Abstract

Employing a mixture or an emulsion of water and diesel fuel is considered a way to reduce gas emissions such as NOx and soot in a gas turbine. This study presents detailed experimental results on the spray characteristics of a water-diesel emulsion injected by a pressure swirl atomizer with a 90-degree spray angle and a flow number of 0.58 under a non-reacting environment at high pressure and temperature conditions. Acquiring this data is a key step when configuring a combustor that will employ emulsified fuels. In addition, this study seeks to confirm that the emulsion stays intact when it gets sprayed into the combustor. Furthermore, this study attempts to understand if a water-diesel emulsion prepared by a sonicator improves fuel atomization as compared to a water-diesel mixture prepared by a static mixer, i.e., not a proper emulsion.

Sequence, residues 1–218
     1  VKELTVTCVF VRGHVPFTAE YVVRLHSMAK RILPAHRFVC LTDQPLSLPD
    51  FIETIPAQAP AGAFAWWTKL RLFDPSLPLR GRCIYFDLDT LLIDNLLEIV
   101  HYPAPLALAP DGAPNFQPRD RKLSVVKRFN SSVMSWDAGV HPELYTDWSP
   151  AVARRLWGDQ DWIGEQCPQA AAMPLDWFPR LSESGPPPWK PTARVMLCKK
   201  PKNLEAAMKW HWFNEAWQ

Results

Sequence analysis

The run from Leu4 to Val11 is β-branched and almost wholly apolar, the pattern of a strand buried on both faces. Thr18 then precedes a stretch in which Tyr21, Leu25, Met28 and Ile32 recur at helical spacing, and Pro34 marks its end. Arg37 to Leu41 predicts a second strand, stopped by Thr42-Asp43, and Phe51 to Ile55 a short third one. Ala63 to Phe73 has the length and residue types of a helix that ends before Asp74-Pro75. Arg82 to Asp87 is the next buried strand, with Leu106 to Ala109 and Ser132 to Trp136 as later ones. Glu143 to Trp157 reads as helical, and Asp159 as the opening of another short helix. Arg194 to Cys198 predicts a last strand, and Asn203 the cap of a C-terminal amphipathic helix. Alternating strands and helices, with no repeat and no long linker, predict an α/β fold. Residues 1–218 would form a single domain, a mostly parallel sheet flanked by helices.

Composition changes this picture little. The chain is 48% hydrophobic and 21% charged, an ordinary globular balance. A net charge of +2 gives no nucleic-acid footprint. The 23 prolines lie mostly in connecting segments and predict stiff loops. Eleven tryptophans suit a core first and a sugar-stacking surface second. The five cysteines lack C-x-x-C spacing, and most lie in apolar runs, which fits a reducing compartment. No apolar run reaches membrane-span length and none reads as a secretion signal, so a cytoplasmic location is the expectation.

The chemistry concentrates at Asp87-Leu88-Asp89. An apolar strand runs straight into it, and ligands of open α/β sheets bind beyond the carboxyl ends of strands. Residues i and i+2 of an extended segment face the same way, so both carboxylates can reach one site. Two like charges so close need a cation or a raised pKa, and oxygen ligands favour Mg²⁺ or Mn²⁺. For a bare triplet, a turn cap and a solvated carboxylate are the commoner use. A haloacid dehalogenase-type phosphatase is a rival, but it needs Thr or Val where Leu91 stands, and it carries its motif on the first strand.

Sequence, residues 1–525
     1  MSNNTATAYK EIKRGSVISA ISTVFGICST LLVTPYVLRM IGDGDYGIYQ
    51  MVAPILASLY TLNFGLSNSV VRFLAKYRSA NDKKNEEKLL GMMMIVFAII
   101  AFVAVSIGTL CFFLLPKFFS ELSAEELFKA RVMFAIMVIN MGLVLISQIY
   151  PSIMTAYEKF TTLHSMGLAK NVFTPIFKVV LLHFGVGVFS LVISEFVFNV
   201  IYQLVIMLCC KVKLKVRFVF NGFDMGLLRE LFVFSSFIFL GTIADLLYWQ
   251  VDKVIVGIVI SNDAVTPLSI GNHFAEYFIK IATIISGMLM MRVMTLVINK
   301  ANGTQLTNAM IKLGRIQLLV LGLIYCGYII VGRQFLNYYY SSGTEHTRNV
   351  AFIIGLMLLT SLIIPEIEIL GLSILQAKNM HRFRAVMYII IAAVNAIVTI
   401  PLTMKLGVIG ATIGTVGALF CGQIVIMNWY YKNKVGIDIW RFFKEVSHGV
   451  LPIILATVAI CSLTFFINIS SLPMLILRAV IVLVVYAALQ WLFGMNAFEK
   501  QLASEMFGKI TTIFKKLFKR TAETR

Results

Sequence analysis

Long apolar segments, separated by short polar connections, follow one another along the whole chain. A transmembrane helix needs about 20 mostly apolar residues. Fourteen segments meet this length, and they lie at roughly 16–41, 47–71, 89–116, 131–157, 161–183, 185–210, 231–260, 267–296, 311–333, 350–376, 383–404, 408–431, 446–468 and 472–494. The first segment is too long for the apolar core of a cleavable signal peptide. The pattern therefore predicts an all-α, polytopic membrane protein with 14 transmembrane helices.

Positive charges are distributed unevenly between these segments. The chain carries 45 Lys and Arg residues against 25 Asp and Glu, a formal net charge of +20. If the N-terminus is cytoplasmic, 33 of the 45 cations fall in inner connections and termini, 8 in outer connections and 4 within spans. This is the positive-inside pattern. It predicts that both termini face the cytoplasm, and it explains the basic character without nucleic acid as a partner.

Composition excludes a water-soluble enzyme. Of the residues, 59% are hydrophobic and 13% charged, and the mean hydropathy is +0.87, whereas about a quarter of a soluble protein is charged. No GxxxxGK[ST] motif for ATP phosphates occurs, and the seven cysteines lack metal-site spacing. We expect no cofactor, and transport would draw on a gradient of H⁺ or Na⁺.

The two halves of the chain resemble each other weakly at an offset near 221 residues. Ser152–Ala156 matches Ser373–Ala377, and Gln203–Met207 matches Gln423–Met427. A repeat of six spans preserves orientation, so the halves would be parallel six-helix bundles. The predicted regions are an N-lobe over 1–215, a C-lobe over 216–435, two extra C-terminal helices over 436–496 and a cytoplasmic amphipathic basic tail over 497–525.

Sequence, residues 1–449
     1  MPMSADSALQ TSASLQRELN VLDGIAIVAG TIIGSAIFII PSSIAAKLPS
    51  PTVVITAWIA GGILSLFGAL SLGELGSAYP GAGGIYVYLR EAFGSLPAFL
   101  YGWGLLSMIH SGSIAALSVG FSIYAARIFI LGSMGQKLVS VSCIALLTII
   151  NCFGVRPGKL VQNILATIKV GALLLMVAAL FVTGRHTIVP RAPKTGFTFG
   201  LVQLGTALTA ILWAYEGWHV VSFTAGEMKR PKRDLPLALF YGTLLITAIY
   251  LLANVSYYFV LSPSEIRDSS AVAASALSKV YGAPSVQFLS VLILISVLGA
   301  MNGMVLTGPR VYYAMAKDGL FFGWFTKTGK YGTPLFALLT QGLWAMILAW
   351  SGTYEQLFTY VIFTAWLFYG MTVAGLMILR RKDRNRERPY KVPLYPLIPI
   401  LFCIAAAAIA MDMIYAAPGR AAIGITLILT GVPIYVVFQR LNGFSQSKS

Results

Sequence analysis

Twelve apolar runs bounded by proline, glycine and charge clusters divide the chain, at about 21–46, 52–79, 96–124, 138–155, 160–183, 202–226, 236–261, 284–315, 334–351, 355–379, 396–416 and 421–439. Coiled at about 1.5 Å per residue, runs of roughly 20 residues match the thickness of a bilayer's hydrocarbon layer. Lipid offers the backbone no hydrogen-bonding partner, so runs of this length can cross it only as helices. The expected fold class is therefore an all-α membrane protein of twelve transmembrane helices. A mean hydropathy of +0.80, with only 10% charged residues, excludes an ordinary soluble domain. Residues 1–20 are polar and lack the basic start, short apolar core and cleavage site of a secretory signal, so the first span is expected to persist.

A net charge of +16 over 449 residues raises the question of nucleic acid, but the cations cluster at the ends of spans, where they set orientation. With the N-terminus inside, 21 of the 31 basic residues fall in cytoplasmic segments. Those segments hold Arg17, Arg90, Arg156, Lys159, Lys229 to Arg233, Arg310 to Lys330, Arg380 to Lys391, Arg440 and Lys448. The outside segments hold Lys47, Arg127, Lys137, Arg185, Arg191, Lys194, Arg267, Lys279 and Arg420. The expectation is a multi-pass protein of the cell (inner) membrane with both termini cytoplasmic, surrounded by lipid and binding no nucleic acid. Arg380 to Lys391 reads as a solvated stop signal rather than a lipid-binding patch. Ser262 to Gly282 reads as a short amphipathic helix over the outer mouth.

Tests are conducted in a high pressure and temperature testing facility at two ambient pressure and three ambient temperature conditions and the mass-based water to diesel ratio (W/D) is varied from 11% to 100%. Phase Doppler Particle Anemometry (PDPA) is employed to measure the spray characteristics. Through a backlit high-speed photography, overall spray patterns over different test conditions are visualized. Mie-scattering and planar laser-induced fluorescence imaging are utilized to visualize the mixture field.

In general, the results indicate that emulsion stays intact as it gets sprayed into the combustor; and emulsion is a better solution to reduce emissions than a statically mixed mixture.

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